The Health Affairs paper first explains in depth the strategies that the countries they investigated now employ to contain public-spending costs. Below I mention a few (but not all by far) of the examples they provide.

  • Budget shifting
    • Population coverage (not used in practice)
    • Service coverage (including “refusing to include new interventions that lacked evidence of effectiveness and cost-effectiveness”
    • Cost coverage (especially increasing patient cost sharing and introducing new user charges, e.g., “France introduced deductibles calculated per service, Canada applied and increased user chargers for prescription drugs and Germany did the same for physician visits.” But “Germany introduced a cap on out-of-pocket payments… [and] abolished user charges for hospice care”, among other things. France introduced “free complementary insurance covering user charges for people with very low income.”)
    • Public budget shifting (for instance, “France shifted responsibility for subsidizing long-term care for older people from the central to local governments in 1997.”)
  • Budget setting (the authors note that “activity-based funding has probably softened budget constraints” and that England and France “have emphasized linking provider payment to evidence of quality”)
    • Budget caps (England has a national budget cap, but does not set budgets by sector; instead, “local purchasers are able to determine how to spend their own “soft” or target budgets”, Germany has “sectoral budgets for hospitals and ambulatory care”, Canada generally uses soft budget caps at the regional and hospital levels.)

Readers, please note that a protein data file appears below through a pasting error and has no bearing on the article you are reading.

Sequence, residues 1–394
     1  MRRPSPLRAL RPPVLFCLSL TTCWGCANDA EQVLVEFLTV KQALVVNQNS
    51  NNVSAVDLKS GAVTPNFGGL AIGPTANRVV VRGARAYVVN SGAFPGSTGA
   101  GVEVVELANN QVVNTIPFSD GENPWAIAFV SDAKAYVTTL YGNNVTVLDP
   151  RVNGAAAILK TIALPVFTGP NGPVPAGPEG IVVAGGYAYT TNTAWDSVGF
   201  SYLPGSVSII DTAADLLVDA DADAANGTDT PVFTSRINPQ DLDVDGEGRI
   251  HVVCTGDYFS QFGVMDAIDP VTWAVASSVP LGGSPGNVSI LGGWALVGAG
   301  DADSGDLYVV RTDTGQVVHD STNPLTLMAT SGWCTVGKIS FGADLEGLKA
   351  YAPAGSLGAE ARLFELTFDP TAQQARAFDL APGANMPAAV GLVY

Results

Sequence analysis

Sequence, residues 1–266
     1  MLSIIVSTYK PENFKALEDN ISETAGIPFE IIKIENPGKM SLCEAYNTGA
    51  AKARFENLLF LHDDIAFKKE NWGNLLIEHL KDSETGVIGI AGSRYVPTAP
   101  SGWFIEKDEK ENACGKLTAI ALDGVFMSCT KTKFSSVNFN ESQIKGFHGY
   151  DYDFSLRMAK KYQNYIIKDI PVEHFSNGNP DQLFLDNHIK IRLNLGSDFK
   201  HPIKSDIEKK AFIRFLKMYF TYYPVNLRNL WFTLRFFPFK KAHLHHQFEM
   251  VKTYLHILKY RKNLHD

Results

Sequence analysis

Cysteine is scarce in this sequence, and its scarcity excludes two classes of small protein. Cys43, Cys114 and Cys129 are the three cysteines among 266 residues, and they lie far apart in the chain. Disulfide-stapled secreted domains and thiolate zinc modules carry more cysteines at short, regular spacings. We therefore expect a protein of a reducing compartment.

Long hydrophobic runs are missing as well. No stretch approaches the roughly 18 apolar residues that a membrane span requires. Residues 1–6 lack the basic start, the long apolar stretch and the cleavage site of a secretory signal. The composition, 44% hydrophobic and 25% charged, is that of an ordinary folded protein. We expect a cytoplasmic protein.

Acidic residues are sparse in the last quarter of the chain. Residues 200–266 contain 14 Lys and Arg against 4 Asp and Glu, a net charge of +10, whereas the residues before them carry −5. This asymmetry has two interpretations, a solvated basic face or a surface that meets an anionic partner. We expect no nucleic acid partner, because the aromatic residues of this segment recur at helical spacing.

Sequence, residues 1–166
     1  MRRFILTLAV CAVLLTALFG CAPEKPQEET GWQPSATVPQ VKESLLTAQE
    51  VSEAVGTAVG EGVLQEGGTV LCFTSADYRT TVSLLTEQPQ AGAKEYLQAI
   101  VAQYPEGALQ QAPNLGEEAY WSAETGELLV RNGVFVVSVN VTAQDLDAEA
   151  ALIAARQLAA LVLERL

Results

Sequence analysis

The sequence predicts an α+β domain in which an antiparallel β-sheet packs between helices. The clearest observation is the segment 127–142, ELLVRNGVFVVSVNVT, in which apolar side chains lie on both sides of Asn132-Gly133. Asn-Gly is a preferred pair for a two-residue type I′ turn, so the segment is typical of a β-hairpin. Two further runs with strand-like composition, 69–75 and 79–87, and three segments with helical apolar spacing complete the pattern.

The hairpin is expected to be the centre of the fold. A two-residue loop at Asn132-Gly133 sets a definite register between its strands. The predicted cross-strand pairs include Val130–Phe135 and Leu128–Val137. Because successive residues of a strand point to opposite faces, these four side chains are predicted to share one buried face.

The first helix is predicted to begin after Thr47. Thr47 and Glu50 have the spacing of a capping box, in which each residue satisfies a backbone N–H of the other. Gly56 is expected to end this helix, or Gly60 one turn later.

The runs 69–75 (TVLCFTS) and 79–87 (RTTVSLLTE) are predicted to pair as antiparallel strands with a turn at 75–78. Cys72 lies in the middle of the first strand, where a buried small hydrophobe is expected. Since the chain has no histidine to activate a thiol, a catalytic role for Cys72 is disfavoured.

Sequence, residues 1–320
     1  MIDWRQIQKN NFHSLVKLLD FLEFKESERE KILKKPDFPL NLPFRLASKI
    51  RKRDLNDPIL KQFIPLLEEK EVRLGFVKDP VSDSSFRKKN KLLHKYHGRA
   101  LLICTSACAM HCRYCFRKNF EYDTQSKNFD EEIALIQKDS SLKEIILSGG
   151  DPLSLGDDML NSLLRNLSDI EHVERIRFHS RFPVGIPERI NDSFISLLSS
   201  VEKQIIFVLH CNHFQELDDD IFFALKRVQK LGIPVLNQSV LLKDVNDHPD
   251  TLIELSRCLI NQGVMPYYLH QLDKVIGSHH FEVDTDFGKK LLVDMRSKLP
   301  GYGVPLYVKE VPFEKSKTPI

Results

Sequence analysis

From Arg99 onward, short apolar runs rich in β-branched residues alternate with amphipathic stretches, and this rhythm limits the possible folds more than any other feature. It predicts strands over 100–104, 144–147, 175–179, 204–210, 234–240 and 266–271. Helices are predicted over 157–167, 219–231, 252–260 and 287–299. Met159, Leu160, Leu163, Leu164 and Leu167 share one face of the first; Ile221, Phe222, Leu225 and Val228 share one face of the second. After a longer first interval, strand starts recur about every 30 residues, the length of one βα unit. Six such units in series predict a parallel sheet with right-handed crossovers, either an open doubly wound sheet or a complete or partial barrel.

• Provider payment (“all four countries have… mov[ed] toward activity-based hospital payments”, in addition, there have been “small shifts toward capitation payment” in countries that mainly pay providers on a fee-for-service basis.)
  • Direct and indirect controls of health care supply
    • Controlling pharmaceutical prices
    • Controlling physician remuneration, including rate freezes
    • Other techniques such as cutting the number of hospital beds (France) or increasing the supply of doctors and nurses (Canada).

They then proceed to assess a decade of developments, especially “the increased use of policies intended to promote more efficient use of healthcare services” and not simply budget and price controls.

  • Activity-based funding (“There was a move toward funding based on activity or diagnosis-related group to replace global budgets for hospitals in England, France and Canada”)
  • Health technology assessment (agencies have been established to advise policy-makers)
  • Pharmaceutical spending (All four countries have “explicitly negotiated and worked with pharmaceutical companies and resellers – such as pharmacies – on prices, policies and rebates.” Germany and British Columbia, Canada have experimented with reference pricing and other “value-based approaches to pricing drugs, in which a drug’s clinical value and cost effectiveness are used to negotiate its price or set reimbursement levels.”)